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The word fear occurs forty-eight times in William Shakespeare's Macbeth in noun and...

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vivivip | eNotes Newbie

Posted June 2, 2013 at 3:04 AM via web

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The word fear occurs forty-eight times in William Shakespeare's Macbeth in noun and verb forms and as a root in words such as afeard and fearful. Which character exhibits the most fear (addressing what causes their fear and how their fear differs from guilt)?

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literaturenerd | High School Teacher | (Level 2) Educator Emeritus

Posted August 10, 2013 at 8:04 PM (Answer #1)

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There are numerous characters who exhibit fear in William Shakespeare's Macbeth. Malcolm and Donalbain fear being killed next. Banquo fears the three murders will kill his son. Lady Macbeth fears that Macbeth is not man enough to do what must be done (in murdering Duncan). Although many of the characters show some fear, Macbeth proves to be the most fearful character in the play.

In the beginning, Macbeth "fear[s] things which do sound fair" (I, iii, 54-55). Given the unknown of the witches, Macbeth fears things which he does not understand (both the witches and the prophecies).

Later in the same scene (lines 146-149), Macbeth continues to contemplate the witches and their prophecies.

Whose horrid image doth unfix my hair
And make my seated heart knock at my ribs,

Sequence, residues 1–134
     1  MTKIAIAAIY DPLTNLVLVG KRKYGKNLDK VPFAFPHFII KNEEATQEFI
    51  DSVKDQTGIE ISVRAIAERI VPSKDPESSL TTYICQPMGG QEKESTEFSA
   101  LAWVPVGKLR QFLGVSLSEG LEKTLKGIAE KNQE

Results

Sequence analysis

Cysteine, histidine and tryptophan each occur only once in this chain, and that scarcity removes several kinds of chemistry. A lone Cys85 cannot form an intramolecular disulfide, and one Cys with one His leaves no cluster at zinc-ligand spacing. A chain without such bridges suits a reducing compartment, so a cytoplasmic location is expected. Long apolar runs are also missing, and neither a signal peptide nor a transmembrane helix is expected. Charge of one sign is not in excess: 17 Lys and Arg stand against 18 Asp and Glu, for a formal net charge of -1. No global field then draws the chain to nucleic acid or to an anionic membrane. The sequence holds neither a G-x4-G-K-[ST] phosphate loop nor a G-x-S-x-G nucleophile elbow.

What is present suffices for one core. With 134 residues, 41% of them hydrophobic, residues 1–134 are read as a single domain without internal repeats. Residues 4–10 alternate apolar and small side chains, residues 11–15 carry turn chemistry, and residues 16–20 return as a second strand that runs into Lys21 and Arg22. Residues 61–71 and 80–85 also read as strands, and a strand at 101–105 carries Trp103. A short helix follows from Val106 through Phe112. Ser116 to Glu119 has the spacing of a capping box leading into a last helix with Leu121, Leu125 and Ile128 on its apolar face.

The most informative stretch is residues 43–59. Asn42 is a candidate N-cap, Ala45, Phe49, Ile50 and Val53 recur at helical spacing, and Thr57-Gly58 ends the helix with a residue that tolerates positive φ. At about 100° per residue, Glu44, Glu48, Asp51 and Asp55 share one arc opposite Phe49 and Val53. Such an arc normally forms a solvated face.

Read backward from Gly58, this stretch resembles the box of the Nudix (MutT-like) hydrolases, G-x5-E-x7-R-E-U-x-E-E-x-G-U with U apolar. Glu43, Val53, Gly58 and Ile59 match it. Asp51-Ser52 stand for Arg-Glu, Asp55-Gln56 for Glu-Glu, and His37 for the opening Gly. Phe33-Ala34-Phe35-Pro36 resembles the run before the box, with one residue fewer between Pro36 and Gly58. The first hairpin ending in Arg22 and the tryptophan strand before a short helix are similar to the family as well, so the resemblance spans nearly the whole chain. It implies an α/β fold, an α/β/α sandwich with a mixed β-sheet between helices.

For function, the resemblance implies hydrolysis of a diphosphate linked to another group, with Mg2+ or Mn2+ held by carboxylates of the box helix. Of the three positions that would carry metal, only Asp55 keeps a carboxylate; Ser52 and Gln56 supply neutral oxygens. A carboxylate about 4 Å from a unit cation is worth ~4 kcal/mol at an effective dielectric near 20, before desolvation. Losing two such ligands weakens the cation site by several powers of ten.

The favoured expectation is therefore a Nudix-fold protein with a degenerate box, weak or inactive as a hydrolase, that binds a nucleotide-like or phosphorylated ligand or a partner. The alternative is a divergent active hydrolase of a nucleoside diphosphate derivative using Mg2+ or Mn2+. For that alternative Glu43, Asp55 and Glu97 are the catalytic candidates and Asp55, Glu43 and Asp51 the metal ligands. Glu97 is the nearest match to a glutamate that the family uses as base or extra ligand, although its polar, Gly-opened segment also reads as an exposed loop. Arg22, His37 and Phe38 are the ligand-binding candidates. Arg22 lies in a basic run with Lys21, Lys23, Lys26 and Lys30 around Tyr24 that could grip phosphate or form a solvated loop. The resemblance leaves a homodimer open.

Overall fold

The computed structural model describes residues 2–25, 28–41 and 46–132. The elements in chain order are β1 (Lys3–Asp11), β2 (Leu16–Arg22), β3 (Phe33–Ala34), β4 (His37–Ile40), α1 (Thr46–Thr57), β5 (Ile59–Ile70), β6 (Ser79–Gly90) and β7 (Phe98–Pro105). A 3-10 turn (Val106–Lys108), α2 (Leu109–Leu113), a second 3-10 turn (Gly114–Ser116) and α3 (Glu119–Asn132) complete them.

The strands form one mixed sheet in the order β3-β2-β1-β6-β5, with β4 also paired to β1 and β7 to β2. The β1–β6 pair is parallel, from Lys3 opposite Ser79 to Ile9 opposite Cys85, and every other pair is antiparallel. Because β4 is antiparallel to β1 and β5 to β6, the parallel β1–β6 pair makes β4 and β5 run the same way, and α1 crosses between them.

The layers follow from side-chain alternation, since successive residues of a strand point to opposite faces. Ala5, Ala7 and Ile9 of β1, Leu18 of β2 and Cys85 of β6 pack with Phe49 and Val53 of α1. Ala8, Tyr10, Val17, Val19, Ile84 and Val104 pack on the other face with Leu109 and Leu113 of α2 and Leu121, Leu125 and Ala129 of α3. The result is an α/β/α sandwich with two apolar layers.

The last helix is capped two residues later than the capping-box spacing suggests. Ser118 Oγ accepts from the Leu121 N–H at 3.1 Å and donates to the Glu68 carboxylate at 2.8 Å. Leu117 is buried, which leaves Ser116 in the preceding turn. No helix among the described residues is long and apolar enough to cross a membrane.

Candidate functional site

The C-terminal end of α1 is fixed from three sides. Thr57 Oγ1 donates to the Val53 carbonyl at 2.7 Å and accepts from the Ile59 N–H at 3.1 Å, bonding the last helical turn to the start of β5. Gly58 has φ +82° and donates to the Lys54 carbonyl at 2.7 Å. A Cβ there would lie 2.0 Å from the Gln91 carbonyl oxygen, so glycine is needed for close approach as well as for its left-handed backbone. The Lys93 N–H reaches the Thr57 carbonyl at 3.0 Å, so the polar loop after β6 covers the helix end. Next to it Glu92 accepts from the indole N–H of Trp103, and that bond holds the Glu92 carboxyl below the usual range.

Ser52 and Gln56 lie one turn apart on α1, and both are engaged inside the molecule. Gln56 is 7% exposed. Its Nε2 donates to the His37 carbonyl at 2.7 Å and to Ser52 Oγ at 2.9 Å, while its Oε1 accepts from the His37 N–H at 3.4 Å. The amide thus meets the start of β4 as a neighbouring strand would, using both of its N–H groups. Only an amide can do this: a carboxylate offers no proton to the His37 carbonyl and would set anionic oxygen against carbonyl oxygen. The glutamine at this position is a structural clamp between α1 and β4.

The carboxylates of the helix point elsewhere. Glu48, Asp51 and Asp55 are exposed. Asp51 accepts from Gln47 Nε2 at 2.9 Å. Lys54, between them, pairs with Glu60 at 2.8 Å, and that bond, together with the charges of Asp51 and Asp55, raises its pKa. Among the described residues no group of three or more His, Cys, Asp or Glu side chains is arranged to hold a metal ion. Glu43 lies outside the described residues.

Against the use of nature? Present fears
Are less than horrible imaginings.

Here, Macbeth states that the witches scared him (given his heart "knocked" at his ribs). He also admits that fears one can see are far less frightening than those one cannot see (referring to the disappearing act of the witches).

Once charged with the murder of Duncan by his wife, Macbeth admits to the fear that the murder of Duncan will "revisit" him.

But in these cases
We still have judgment here, that we but teach
Bloody instructions, which being taught return
To plague the inventor. (I, vii, 7-10)

Essentially, Macbeth covertly states his fear of a "plague" (revenge) coming upon him for murdering Duncan.

Many more examples of Macbeth's fear exist, and, through these few examples, one can support that Macbeth is (by far) the most fearful character in the play. His fears, given they appear far before the murder of Duncan, cannot be confused with guilt. Macbeth's guilt ends very quickly after Duncan's murder and does not appear again. 

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